In Ivory Coast, government officials and rebels have agreed to name New Forces rebel leader Guillaume Soro as prime minister. Tuesday's announcement comes three weeks after Mr. Soro and Ivory Coast President Laurent Gbagbo signed an agreement to create a new government. Phuong Tran has more from VOA's West Africa Bureau in Dakar.

Guillaume Soro's deputy, Cisse Sindou, says the rebel leader agreed to accept the nomination late on Monday after receiving a guarantee from government officials that he would have all the necessary powers to organize presidential elections by the end of October.

"Power sharing is whatever power [is] necessary to the prime minister," he said. "Areas like identification, election will be given to Soro. [President] Gbagbo will not have to interfere with that."

The presidential vote, originally scheduled for October 2005, has been postponed two times.

Voter identity cards have been a key demand for the rebels who took up arms four years ago to defend the rights of northerners who do not have Ivorian identification papers.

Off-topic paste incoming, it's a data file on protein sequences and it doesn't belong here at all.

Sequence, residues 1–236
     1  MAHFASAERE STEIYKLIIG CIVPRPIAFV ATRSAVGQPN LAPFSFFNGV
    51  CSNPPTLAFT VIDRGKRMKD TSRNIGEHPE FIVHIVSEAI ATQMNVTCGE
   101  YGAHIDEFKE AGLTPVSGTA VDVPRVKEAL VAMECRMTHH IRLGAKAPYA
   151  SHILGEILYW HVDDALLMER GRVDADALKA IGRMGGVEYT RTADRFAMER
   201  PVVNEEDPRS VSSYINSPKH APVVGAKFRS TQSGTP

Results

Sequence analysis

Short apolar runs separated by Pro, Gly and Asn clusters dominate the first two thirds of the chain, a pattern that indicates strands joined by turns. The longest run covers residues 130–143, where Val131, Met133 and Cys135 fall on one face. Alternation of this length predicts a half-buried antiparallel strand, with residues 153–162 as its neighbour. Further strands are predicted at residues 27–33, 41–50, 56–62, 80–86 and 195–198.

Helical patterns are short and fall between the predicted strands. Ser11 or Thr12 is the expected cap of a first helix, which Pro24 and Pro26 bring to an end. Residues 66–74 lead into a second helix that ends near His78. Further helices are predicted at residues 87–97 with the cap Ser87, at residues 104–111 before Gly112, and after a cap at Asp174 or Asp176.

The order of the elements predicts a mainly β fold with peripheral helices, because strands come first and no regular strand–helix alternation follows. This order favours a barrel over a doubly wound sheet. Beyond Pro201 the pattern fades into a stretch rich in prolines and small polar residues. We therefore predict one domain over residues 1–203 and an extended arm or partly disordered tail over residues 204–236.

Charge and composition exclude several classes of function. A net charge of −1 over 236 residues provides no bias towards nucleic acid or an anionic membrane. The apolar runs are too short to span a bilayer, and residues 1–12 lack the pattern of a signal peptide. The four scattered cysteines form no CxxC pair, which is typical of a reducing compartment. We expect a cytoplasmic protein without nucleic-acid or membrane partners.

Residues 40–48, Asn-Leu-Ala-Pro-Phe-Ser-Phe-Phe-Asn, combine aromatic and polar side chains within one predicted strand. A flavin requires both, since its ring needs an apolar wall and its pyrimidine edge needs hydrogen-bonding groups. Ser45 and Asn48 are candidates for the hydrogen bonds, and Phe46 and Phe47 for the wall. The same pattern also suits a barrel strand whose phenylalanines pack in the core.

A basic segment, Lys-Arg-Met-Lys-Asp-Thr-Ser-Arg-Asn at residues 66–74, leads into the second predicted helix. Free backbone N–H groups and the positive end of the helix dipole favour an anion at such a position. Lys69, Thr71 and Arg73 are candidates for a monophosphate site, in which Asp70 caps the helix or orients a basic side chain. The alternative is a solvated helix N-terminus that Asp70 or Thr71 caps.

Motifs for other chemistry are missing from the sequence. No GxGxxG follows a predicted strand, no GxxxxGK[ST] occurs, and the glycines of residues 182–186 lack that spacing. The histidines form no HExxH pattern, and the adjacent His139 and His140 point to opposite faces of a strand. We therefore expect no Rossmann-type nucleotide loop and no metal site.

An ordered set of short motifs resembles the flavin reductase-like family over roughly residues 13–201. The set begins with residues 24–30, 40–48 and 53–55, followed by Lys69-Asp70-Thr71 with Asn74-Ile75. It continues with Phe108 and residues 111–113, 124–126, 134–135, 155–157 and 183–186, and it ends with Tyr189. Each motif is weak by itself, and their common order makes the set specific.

But analyst Daniel Balint-Kurti, with London-based Chatham House, says Mr. Soro's pending nomination is not enough to guarantee reunification of the country split since 2002.

"It is one thing naming Soro as prime minister," he said. "But actually sharing power with him on a day-to-day basis and putting in place measures to resolve some of the real problems in the country is another matter."

In the past, the debate over voting cards and disarmament of former fighters has stalled efforts to reunite Ivory Coast.

The peace agreement brokered earlier this month in Ouagadougou by Burkina Faso's president and leader of the Economic Community of West African States, Blaise Compaore, is the latest in a string of more than 10 agreements that have thus far failed to reunite the country. But this is the first agreement that was achieved through direct dialogue between the rebels and the government. And this makes Cisse Sindou hopeful that this plan will succeed in reuniting the country.

"Nothing is easy," he said. "But we think that the Ouaga[dougou peace deal] accord is the proposition of [President] Gbagbo himself."

This agreement has led to the creation of a joint army command center that will work on demobilizing militia fighters from both sides.

The power sharing announcement comes as France prepares to pull out 500 troops from the U.N. controlled buffer zone between the rebel-held north and government-controlled south.

Pending President Gbagbo's formal nomination by decree, Mr. Soro will replace the current U.N.-appointed prime minister Charles Konan Banny, who has said he is ready to resign in the interests of his country.